If at first you don't succeed, the old saw goes, try, try again.

The Watt regime at the Interior Department apparently believes in old saws. They fired John R. Gingles the other day, for the third time in a year and a half.

The pink slip that floated across Gingles' desk Nov. 24 told him that as a result of fiscal 1983 budget cuts and reduced staffing needs, "it is necessary to eliminate those positions considered excess to authorized requirements."

The words had a haunting familiarity for the 39-year-old bureaucrat. Twice he has argued successfully that it is not his National Park Service position that is considered "excess," it is him.

Gingles is a Carter administration holdover of the first order, a congressional liaison for former secretary Cecil D. Andrus who gave up his political appointment for a career slot just seven months before the White House changed hands.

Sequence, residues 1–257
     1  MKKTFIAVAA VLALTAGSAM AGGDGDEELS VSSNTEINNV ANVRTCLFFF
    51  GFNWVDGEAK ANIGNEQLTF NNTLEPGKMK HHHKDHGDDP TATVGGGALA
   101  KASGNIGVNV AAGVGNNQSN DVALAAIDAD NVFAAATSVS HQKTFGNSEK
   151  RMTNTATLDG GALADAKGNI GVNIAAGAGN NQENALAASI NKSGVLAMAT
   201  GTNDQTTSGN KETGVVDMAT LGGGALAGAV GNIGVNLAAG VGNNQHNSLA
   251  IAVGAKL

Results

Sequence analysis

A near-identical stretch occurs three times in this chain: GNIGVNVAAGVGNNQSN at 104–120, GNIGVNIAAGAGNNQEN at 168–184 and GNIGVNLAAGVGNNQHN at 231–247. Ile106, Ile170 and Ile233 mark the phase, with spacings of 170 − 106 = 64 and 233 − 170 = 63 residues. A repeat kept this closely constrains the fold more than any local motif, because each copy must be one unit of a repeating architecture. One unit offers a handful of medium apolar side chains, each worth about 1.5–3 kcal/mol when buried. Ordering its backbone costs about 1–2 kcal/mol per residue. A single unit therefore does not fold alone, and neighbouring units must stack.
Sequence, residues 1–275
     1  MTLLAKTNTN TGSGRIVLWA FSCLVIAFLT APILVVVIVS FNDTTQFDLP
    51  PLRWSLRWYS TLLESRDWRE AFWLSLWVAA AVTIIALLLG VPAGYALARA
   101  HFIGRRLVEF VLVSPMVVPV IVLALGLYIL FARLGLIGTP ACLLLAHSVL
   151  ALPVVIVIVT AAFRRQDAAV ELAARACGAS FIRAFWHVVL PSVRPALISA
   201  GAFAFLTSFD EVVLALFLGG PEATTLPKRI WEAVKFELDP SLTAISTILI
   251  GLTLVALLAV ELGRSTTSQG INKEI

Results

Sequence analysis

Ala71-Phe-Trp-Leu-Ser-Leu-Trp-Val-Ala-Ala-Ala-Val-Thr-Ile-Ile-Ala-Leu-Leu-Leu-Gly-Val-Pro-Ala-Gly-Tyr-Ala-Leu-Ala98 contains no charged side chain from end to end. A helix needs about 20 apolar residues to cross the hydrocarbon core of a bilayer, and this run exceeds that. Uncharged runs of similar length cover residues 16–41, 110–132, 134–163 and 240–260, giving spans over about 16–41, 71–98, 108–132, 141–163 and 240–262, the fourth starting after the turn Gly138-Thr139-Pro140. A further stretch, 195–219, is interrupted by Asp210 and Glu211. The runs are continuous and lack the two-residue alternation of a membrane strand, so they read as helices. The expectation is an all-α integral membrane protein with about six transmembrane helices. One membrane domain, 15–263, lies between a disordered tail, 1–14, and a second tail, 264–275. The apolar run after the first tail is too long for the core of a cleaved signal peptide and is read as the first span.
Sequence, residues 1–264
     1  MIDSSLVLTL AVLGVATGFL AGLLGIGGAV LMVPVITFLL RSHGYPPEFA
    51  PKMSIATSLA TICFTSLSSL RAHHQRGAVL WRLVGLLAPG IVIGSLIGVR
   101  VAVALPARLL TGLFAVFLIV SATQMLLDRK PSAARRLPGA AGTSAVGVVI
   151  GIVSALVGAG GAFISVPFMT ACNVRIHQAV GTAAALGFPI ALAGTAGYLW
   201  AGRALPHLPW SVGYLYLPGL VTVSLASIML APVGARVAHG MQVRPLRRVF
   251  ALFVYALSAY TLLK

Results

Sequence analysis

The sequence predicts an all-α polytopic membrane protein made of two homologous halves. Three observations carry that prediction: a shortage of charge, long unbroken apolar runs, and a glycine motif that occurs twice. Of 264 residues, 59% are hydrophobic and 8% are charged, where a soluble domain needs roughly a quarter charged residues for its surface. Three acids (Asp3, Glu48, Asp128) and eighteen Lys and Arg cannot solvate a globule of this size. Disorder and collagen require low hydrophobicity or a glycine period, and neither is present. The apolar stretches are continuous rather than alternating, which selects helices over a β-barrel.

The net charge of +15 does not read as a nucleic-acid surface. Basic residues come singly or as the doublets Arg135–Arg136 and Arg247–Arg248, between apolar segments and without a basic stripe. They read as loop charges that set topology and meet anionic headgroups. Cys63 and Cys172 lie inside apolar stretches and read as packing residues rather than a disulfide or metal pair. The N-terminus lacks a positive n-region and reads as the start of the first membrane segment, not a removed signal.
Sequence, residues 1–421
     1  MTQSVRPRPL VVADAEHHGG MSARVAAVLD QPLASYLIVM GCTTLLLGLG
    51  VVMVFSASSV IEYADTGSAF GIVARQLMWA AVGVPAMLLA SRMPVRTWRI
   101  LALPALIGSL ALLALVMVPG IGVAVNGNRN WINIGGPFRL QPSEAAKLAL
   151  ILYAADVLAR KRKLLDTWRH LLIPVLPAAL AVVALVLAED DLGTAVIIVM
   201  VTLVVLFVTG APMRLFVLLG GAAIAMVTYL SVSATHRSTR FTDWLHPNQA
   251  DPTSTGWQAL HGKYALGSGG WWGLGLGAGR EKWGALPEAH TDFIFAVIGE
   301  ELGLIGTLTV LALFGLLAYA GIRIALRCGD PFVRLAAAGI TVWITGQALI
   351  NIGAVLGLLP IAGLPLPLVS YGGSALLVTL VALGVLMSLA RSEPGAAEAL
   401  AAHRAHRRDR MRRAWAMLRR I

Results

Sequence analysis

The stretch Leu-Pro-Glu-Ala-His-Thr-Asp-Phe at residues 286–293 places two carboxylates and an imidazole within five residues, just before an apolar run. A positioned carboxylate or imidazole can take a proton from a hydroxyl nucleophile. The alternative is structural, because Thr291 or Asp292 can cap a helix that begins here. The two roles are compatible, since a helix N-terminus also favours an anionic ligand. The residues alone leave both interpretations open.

Secretary James G. Watt's first attempt to dislodge him, in May, 1981, failed when the Merit System Protection Board's office of special counsel intervened and ordered Gingles reinstated to his job in the park service's office of legislation.

Last June, Interior tried again, but succeeded only to the extent of getting Gingles downgraded to a job in the park service's land acquisition office, not a hotbed of activity these days, considering Watt's policy of not acquiring any more parkland. "A non-job," Gingles describes it.

Gingles, who by this time almost qualifies for his own key to the supply closet at the special counsel's office, has requested another investigation.

Meanwhile, it may be a tad early for Interior to be claiming budget distress. In a budget mark-up session yesterday, the House Appropriations Committee increased funds for parkland acquisition in fiscal 1983, just as it did last year.

Will Gingles' office suffer from reduced funding levels? "Not if our bill goes through," said a committee aide.